Plot: Four soldiers of fortune are hired by a wealthy rancher to rescue his beautiful young wife who has been kidnapped by a villainous Mexican bandit. When they finally find her, after fighting their way across deserts and mountains, they discover she is not being held against her will. This causes friction within the band as to whether they should honor their agreement.
Lee Marvin, Burt Lancaster, Claudia Cardinale, Woody Strode, Robert Ryan and Jack Palance star in this rousing men-on-a-mission tale set in the old West. It’s an unpredictable yarn with the cast at their best especially Lee Marvin who (as always) rarely smiles and generally just makes you feel like less of a man any time he is on screen.
Dolworth (Burt Lancaster) is essentially the conscience of the group of men who thinks something is off with the whole “rescue”; he’s charming and sympathetic but also happens to be an explosives expert. He gets to use his particular set of skills throughout providing some of the picture’s best action scenes. Lancaster wanted to do all his own stunts too which is impressive.
Fardan (Marvin) is the leader of the group and isn’t too concerned about Dolworth’s doubts at first because he gave his word that he would bring Grant’s wife back home and that’s exactly what he plans to do.
Each man has their own skill set but Dolworth and Fardan are the two who do the most but Jake (Woody Strode) is a complete badass with a bow and arrow so when the gang eventually get to Raza’s (Jack Palance) compound it has explosive results. This is the best action scene of the entire movie which is really more about the men dealing with their feelings on this supposed kidnapping; when they pick up Maria (Cardinale) she is reluctant to join them because she is actually in love with Raza and things aren’t quite what they seem.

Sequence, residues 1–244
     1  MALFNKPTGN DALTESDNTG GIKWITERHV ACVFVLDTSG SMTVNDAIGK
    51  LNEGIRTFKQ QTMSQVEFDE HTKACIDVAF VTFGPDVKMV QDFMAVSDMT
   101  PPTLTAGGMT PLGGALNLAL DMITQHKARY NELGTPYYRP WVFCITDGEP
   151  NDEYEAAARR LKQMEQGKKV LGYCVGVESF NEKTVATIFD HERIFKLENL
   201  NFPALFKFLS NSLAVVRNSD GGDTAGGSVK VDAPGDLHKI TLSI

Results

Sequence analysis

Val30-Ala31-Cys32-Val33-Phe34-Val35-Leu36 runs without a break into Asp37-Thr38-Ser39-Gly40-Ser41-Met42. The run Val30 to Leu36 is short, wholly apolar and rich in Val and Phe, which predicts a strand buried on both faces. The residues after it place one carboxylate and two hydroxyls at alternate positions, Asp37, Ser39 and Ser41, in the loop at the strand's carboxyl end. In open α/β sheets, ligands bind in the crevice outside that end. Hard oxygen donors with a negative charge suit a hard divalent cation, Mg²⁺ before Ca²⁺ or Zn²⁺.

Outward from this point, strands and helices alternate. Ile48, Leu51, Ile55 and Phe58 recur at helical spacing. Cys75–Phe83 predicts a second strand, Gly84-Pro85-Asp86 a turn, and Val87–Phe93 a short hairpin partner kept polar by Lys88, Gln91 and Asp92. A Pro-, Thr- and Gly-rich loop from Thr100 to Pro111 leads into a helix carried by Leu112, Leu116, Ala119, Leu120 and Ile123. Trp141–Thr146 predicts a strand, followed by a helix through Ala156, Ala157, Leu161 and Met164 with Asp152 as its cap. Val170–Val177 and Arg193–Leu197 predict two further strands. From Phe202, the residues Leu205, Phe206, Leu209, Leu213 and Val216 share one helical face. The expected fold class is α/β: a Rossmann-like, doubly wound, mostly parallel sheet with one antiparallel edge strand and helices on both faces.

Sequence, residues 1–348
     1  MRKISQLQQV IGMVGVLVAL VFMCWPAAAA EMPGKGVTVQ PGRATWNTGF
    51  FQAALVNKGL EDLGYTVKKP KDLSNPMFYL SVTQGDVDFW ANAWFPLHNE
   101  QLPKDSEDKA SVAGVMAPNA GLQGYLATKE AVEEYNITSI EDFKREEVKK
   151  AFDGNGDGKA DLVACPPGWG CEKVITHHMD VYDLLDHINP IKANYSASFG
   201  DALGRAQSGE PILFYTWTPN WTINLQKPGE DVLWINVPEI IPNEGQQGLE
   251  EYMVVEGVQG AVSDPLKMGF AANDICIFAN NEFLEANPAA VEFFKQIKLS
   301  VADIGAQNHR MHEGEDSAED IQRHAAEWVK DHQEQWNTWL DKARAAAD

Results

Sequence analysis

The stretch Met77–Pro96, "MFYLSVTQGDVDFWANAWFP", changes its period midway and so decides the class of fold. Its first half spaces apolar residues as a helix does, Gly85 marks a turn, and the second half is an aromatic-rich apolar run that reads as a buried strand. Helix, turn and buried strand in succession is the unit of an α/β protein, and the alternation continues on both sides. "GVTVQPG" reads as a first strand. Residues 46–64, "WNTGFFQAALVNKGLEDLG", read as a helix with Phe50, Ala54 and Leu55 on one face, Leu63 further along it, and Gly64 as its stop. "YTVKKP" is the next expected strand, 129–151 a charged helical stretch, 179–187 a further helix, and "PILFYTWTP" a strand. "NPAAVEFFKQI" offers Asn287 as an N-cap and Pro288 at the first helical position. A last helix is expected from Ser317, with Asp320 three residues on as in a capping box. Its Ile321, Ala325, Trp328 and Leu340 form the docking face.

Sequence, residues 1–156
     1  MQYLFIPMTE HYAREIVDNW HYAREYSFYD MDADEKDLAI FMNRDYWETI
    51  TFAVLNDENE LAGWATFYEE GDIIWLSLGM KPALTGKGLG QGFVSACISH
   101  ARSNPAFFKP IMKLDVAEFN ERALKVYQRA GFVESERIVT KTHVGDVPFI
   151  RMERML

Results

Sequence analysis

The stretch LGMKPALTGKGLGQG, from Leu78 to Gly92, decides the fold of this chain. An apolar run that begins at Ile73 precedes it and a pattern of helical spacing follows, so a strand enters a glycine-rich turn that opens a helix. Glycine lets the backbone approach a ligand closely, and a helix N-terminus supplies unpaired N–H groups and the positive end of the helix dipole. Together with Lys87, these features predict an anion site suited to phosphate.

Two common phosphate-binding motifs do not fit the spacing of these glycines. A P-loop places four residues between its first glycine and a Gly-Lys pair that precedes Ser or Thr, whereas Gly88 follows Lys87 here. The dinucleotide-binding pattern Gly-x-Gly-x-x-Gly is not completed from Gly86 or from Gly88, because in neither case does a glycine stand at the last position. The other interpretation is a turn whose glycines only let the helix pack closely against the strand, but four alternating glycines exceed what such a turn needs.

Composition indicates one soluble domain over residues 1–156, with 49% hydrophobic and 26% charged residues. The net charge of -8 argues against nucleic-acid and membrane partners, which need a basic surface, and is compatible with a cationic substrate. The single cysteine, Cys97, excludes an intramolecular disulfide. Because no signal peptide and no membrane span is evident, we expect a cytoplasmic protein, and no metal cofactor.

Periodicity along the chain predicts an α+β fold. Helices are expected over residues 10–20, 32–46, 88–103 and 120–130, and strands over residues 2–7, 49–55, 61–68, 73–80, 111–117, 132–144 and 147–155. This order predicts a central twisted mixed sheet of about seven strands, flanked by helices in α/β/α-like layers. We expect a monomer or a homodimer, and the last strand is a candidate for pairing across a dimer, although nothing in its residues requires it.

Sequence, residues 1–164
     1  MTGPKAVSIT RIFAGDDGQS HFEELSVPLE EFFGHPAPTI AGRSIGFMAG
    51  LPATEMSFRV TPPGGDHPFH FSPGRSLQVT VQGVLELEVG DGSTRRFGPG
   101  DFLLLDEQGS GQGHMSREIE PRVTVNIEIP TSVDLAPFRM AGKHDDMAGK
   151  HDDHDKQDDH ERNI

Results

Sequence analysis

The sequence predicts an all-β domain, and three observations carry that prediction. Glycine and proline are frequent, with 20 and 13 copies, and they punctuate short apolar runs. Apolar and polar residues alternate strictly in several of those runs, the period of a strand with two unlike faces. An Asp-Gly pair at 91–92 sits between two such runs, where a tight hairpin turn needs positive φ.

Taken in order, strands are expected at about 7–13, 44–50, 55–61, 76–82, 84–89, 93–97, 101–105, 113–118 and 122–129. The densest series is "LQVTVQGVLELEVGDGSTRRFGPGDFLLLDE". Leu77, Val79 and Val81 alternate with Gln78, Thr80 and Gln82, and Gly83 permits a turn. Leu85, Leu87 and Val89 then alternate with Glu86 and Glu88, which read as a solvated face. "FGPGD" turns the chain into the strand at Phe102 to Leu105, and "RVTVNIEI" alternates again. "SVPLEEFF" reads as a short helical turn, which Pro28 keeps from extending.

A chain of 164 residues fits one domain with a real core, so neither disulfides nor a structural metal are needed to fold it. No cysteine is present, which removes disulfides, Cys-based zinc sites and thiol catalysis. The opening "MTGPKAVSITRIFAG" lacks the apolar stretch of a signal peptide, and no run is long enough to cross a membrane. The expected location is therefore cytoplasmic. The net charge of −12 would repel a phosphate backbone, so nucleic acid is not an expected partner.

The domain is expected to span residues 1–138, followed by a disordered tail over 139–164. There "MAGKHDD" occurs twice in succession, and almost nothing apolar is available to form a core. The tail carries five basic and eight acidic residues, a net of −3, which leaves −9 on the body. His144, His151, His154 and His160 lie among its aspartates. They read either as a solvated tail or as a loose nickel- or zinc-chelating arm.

Palance is playing a Mexican for some reason and you likely wouldn’t get away with it today but he was still great in the role and he was a wonderfully layered character.
The characters in general are more complex than you’d think at first and it isn’t exactly packed with action but I do love the movie because it’s unpredictable, has an air of cynicism to it, looks fantastic and the cast are never less than magnetic. The finale may disappoint if you are looking for a big shoot-out as this is all about the characters which is refreshing change.
Maurice Jarre provides the score which does the job but it’s not all that memorable and hardly a classic.
The script is sharp as a tack with lines like “Maybe there’s only one revolution, since the beginning, the good guys against the bad guys. Question is, who are the good guys?”
“Rico: So what else is on your mind besides hundred-proof women, ‘n’ ninety-proof whiskey, ‘n’ fourteen-carat gold?
Bill Dolworth: Amigo, you just wrote my epitaph!”
As always IMDB has a few pieces of trivia and I thought this one was interesting: “According to Richard Brooks, Burt Lancaster and Lee Marvin did not get along during filming due to Marvin’s alcoholism, which was making him unreliable and difficult at the time, infuriating Lancaster. Brooks, who had directed Lancaster in Elmer Gantry (1960), felt the need to intervene because he feared Lancaster was going to “take Lee Marvin by the ass and throw him off that mountain”.”
Overall, The Professionals isn’t as action packed as some of the better known Westerns but the cast are fantastic and the story has a few surprises so it’s certainly worth checking out. It’s currently on Netflix and is the perfect escape from these tedious times.